124. flipflopMcainlamebrain says:

    Ok People, lets keep this straight here!
    It isn’t about what this guy did!

    It is clear, and stay focused if YOU can!

    THis is about giving up information and privacy issues without permission or for any other reason someone believes they can use anything they want , whether bank or identity whatever the reason may be is not important , it should only and i said ONLY be Released by the Owner of the information and not the USER at their own discreation or whim,,,
    what happened if this guy is falsely accused or exonnerated from the charges , and the police were lying to find out his whereabouts, based upon an vindictive person, making up something to get him to lose his life and career, theri are some whacked out women out there like some fatal attraction and men haters or psycho’s out there and they are not always men that are the predators in every case or circumstance this woman may have a background of doing this in prior relationships,,,, problem is nobody cares to look into this or properly investigate surrounding circumstances without prejudice or being biased, due to the nature of the allegations or charges…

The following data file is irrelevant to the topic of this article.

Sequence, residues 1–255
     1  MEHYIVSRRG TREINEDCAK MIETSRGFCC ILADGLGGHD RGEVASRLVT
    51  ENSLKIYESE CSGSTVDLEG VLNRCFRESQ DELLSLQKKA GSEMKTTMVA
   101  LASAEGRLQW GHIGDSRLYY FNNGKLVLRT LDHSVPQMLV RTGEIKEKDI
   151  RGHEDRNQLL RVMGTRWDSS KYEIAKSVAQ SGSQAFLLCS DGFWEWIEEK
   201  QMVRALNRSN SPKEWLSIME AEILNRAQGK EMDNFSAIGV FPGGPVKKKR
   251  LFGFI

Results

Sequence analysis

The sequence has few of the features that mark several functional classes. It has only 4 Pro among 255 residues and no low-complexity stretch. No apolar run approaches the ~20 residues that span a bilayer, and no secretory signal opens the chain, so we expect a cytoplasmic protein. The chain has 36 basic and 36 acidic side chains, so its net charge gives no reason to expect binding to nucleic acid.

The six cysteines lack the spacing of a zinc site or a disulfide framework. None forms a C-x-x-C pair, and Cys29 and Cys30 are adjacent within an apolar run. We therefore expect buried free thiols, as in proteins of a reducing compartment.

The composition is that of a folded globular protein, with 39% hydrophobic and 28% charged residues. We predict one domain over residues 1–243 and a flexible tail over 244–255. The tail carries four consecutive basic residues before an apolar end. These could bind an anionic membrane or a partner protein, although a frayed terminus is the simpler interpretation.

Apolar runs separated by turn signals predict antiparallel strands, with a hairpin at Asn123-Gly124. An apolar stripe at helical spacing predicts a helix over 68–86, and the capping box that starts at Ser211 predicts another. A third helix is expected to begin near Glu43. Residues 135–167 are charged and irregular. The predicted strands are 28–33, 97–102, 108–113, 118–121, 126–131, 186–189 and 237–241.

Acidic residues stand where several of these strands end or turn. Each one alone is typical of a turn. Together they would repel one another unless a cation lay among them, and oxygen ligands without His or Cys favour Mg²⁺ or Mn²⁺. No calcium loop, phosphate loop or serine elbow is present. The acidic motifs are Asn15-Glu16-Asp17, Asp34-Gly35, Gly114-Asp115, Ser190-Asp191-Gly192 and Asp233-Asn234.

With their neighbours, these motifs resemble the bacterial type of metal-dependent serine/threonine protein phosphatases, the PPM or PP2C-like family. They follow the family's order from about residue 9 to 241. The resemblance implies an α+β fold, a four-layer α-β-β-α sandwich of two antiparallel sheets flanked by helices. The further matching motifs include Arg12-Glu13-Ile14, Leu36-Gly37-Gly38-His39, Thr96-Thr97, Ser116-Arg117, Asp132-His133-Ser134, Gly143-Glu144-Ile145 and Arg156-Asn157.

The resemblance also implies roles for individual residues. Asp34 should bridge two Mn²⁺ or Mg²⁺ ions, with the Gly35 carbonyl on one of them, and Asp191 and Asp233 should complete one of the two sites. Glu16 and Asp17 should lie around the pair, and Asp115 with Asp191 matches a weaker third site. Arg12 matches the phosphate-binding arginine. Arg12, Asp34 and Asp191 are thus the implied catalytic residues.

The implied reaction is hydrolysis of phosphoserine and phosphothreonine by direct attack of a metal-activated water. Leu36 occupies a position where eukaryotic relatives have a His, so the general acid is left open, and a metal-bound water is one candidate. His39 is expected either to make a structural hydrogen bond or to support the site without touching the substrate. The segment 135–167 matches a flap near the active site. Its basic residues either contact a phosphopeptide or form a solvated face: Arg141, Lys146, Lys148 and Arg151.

bottom line is …
    the privacy laws cannot be abridged becasue they are guarantees by the US Constitution or Magna charta…

    so lets not be hasty, or a witch hunt or trigger happy vigilante, and balance our skeotisims and misgivens…

  125. theczardictates says:

    @thrashanddestroy: “I understand your little theory, but there’s no justifying a 13 and a 15 year old.”

    Nobody is justifying this guy’s rape of a 13 year old and a 15 year old. He is a rapist and a sexual molester and if he was on fire I wouldn’t cross the street to piss on him. But he isn’t a pedophile. As has been explained several times above, a pedophile is not attracted to teenagers who are legally protected as children; he is attracted to people who are prepubescent.